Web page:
Websites: Possible Gardens of Good and of Evil

Discussion in 'Digital Marketing' started by mdvaden, Jun 25, 2007.

  1. mdvaden

    mdvaden LawnSite Bronze Member
    Posts: 1,945

    Websites can be so different than real people when the desired pieces of information are selected and assembled. Some websites may be graphically designed to appear spectacular, but the operator may have very little ability - maybe even a bad track-record for completing projects properly. The same kind of website may belong to a professional of sterling character.

    Same basic principle carries-over to sites of "rank and file" design.

    So in a way, websites can be gardens of good or evil, depending on whether or not they conceal, or expose, the true nature of the company.

    Basically this boils down to whether or not website owners are omitting or concealing the way they do business and they way they do it.

    This is not an angle I've thought about before, much, but it came to mind this week.
     
  2. Bill S

    Bill S LawnSite Member
    Posts: 184

    As with any marketing material!

    It does make you think about how easy it is to be deceived in todays day and age thanks to the handy internet. As I always say, buyer beware! Do your research, check the references!
     
  3. mdvaden

    mdvaden LawnSite Bronze Member
    Posts: 1,945

    Now that you mention that, references may be the most critical part of a website. Although nobody is going to put in any bad ones. :rolleyes:

    The good ones need to be really good then. :dancing:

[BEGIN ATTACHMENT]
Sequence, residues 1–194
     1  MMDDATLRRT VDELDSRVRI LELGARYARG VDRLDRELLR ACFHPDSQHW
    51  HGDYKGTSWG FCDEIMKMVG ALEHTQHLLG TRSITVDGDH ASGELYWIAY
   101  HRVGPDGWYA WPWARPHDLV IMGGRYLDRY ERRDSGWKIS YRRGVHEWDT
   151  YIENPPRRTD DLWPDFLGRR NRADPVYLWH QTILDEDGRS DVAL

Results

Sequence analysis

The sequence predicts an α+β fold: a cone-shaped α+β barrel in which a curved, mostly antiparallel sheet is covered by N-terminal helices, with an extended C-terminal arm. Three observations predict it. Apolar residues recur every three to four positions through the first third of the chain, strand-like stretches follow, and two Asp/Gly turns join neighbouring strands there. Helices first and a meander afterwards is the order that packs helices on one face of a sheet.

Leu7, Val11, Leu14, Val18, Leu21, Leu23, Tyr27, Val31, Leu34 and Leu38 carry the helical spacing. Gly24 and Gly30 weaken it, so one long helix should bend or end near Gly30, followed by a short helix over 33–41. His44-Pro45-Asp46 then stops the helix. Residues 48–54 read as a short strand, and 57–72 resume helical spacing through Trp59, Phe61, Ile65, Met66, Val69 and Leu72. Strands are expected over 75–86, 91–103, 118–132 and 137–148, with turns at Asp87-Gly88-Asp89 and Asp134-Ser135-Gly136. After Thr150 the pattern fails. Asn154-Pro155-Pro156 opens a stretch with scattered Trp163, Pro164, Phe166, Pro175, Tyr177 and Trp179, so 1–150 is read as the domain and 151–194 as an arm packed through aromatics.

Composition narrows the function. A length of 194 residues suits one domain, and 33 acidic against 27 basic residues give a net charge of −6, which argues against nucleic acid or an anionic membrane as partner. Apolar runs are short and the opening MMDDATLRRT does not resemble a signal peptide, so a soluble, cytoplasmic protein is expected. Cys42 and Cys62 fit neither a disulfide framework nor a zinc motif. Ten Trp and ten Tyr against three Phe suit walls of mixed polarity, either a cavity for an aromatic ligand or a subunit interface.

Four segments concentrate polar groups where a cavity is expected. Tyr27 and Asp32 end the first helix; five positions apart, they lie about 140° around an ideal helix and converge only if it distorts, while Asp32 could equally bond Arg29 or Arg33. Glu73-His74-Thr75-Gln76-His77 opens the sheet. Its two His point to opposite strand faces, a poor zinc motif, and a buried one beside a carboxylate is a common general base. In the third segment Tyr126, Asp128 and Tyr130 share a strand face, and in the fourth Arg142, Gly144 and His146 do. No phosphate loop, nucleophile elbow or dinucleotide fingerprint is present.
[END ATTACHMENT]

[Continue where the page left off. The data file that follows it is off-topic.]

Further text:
Noticed you are from New Hampshire - you like that area?

    I've never been there. Any good photo sites for your state?
     
  4. Bill S

    Bill S LawnSite Member
    Posts: 184

    Depends what you like for photo sites... we have Lake Winnipisaukee, mountains, the ocean and lots of back roads up north!

    NH is a bit of all right. We do get the full four seasons which is nice for business, don't get too sick of any one service before it is time to go on to the next!
     
  5. H2O

    H2O LawnSite Member
    from MA
    Posts: 34

    I agree: Buyer beware! Consumers do YOUR research!
    Too many consumers believe what they read, without ever confirming the facts.

    1. References are nice, but hard to confirm. I always suggest visiting a job site in progress. Too many web sites have false customer references or testimonials.

    2. Demand a Certificate of Insurance that includes: workers comp, liability, and equipment insurance.

    3. Confirm Credentials. Proof of certification, license, affiliations, etc.
    In MA there are a plethora of contractors making false statements in their web sites.

    We often have to educate our customers. Dont be fooled or mislead by false advertising.... Always Confirm The Facts!
     

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